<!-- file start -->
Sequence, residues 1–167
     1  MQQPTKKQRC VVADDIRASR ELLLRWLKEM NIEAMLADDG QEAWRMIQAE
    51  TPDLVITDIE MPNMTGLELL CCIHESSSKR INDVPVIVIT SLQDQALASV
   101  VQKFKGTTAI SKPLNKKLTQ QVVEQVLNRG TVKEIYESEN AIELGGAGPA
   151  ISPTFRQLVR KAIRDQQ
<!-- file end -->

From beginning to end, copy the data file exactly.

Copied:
Sequence, residues 1–167
     1  MQQPTKKQRC VVADDIRASR ELLLRWLKEM NIEAMLADDG QEAWRMIQAE
    51  TPDLVITDIE MPNMTGLELL CCIHESSSKR INDVPVIVIT SLQDQALASV
   101  VQKFKGTTAI SKPLNKKLTQ QVVEQVLNRG TVKEIYESEN AIELGGAGPA
   151  ISPTFRQLVR KAIRDQQ